Tuesday, June 19, 2012

Symptoms Of Codependency

Codependency and Adult Children Of Alcoholics go hand in hand. Being Codependent is not "bad". It could even be seen as a valuable coping mechanism that helps those growing up in dysfunctional families survive. This reaction may now work against us and keep us locked in unhealthy behaviors. 

 Codependent behavior may have been such an intrinsic part of our lives for so long that it may be hard to consciously realize now when we are doing it. The following list can be used as a reminder of what defines it and a yardstick to measure how far we have come:

1. External focus, never looking inside-  always focused on other person or people.

2. Tries to control behavior of others through approval-seeking and people-pleasing behavior.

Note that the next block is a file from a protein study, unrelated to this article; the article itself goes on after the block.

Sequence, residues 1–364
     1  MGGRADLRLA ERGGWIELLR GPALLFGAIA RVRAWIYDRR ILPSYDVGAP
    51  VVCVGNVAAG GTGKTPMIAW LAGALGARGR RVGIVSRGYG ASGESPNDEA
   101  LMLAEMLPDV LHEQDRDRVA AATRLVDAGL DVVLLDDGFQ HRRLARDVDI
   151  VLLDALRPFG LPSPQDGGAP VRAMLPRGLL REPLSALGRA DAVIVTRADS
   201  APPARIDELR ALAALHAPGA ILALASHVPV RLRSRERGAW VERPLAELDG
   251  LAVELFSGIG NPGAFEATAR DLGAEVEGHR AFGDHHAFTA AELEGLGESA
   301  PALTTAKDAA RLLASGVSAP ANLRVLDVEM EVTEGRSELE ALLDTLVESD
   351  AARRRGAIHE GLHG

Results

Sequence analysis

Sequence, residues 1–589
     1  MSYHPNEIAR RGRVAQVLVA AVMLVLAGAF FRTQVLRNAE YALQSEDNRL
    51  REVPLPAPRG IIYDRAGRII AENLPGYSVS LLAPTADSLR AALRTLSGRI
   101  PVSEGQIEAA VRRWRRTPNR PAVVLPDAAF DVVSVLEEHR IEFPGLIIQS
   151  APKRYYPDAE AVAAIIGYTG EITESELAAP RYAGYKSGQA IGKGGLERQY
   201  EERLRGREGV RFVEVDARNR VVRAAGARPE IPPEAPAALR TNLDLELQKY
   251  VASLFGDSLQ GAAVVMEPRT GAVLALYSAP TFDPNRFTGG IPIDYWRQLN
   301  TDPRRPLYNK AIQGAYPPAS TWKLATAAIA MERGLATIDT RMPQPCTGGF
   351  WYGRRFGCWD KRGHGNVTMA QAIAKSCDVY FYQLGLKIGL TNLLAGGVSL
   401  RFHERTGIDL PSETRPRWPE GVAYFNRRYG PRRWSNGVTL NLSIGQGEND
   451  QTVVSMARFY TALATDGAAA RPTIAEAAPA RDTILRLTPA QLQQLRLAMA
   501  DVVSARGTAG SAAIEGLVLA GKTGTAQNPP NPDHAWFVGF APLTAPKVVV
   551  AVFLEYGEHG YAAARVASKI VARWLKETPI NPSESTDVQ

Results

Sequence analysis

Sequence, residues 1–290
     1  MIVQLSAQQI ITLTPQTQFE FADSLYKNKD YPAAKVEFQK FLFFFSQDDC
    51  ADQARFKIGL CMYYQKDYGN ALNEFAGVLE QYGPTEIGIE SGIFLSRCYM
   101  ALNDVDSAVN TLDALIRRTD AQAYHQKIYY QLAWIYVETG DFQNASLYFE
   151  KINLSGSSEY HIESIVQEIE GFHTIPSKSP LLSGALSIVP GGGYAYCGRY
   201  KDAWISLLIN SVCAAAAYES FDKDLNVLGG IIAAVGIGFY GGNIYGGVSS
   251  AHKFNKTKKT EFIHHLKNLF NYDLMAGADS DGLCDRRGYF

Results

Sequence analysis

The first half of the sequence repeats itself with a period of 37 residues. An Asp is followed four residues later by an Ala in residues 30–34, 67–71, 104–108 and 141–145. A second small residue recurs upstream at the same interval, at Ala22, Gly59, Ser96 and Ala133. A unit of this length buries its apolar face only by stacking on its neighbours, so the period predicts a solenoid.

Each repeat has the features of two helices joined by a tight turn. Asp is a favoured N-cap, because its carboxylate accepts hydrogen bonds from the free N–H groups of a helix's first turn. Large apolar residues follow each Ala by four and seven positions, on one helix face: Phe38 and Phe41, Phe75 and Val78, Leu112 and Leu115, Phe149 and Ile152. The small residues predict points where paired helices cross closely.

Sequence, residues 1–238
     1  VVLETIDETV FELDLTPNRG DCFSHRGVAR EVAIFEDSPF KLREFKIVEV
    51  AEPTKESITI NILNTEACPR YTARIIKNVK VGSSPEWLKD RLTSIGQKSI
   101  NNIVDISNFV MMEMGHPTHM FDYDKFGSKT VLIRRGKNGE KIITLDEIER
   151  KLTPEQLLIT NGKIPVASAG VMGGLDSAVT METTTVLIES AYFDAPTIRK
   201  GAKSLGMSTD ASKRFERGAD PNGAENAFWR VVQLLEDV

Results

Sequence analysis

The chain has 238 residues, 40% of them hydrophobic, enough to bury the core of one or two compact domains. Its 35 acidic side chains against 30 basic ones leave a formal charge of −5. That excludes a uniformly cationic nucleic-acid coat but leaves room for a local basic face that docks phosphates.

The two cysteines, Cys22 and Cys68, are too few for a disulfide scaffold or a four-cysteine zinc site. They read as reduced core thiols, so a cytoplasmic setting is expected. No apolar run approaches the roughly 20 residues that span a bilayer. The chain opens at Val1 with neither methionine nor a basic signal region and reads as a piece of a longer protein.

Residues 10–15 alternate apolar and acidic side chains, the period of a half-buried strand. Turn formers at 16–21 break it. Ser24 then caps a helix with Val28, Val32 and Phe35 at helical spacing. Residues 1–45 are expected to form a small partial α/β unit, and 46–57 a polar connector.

3. Experiences intimacy by discounting own feelings, and empathizing with feelings of others.

4. Loss of healthy boundaries, generally resulting from doing things for others that violate one’s values, and from accepting unacceptable behavior from others.

5. Frozen feelings, numbness with regard to one’s own feelings. Depression may also result from repressed anger.

6. Low self-esteem. Self is valued according to others’ opinions. Uses martyr, victim, and messiah role to bolster self-esteem.

7. Generalized anxiety, related to lack of control of one’s life.

8. Mental preoccupation. Racing thoughts. Inability to enjoy mental silence and serenity. Inability to relax and stay in the moment.

9. Lack of assertiveness: inability to ask directly for one’s true needs. Inability to confront unhealthy behavior in others.

10. Narcissism. In the absence of healthy, legitimate boundaries, others are seen as for or against self.

Take the "Am I a codependent?" test here:

Check out the Orange County ACA website at: Orange County Adult Children